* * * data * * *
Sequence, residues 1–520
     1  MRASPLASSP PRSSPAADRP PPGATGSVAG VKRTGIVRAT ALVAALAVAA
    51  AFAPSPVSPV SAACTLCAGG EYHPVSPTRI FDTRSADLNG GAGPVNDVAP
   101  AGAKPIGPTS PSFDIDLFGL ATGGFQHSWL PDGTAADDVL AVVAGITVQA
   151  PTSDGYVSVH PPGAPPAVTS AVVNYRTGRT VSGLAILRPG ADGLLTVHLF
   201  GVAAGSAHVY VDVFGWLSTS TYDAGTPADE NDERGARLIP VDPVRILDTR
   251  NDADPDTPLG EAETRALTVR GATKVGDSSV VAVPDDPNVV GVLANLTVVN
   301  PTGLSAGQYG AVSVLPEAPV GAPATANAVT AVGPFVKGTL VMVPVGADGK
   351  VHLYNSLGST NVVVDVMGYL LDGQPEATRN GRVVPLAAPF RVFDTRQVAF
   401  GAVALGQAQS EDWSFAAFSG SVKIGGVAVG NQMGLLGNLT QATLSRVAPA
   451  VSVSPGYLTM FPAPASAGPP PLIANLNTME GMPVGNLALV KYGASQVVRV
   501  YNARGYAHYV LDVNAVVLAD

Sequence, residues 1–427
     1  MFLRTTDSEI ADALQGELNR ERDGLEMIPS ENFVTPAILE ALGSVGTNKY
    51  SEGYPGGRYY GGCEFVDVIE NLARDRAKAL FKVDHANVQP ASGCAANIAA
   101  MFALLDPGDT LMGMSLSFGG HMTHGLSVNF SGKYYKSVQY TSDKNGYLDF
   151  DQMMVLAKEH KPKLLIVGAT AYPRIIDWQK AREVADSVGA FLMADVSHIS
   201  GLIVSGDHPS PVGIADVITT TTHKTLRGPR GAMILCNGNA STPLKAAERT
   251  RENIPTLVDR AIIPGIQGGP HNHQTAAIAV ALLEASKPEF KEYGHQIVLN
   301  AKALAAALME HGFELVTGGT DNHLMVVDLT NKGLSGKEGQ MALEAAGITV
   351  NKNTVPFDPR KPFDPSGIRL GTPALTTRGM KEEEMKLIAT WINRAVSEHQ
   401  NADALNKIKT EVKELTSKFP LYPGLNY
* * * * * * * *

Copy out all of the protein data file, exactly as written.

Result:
Sequence, residues 1–520
     1  MRASPLASSP PRSSPAADRP PPGATGSVAG VKRTGIVRAT ALVAALAVAA
    51  AFAPSPVSPV SAACTLCAGG EYHPVSPTRI FDTRSADLNG GAGPVNDVAP
   101  AGAKPIGPTS PSFDIDLFGL ATGGFQHSWL PDGTAADDVL AVVAGITVQA
   151  PTSDGYVSVH PPGAPPAVTS AVVNYRTGRT VSGLAILRPG ADGLLTVHLF
   201  GVAAGSAHVY VDVFGWLSTS TYDAGTPADE NDERGARLIP VDPVRILDTR
   251  NDADPDTPLG EAETRALTVR GATKVGDSSV VAVPDDPNVV GVLANLTVVN
   301  PTGLSAGQYG AVSVLPEAPV GAPATANAVT AVGPFVKGTL VMVPVGADGK
   351  VHLYNSLGST NVVVDVMGYL LDGQPEATRN GRVVPLAAPF RVFDTRQVAF
   401  GAVALGQAQS EDWSFAAFSG SVKIGGVAVG NQMGLLGNLT QATLSRVAPA
   451  VSVSPGYLTM FPAPASAGPP PLIANLNTME GMPVGNLALV KYGASQVVRV
   501  YNARGYAHYV LDVNAVVLAD

Sequence, residues 1–427
     1  MFLRTTDSEI ADALQGELNR ERDGLEMIPS ENFVTPAILE ALGSVGTNKY
    51  SEGYPGGRYY GGCEFVDVIE NLARDRAKAL FKVDHANVQP ASGCAANIAA
   101  MFALLDPGDT LMGMSLSFGG HMTHGLSVNF SGKYYKSVQY TSDKNGYLDF
   151  DQMMVLAKEH KPKLLIVGAT AYPRIIDWQK AREVADSVGA FLMADVSHIS
   201  GLIVSGDHPS PVGIADVITT TTHKTLRGPR GAMILCNGNA STPLKAAERT
   251  RENIPTLVDR AIIPGIQGGP HNHQTAAIAV ALLEASKPEF KEYGHQIVLN
   301  AKALAAALME HGFELVTGGT DNHLMVVDLT NKGLSGKEGQ MALEAAGITV
   351  NKNTVPFDPR KPFDPSGIRL GTPALTTRGM KEEEMKLIAT WINRAVSEHQ
   401  NADALNKIKT EVKELTSKFP LYPGLNY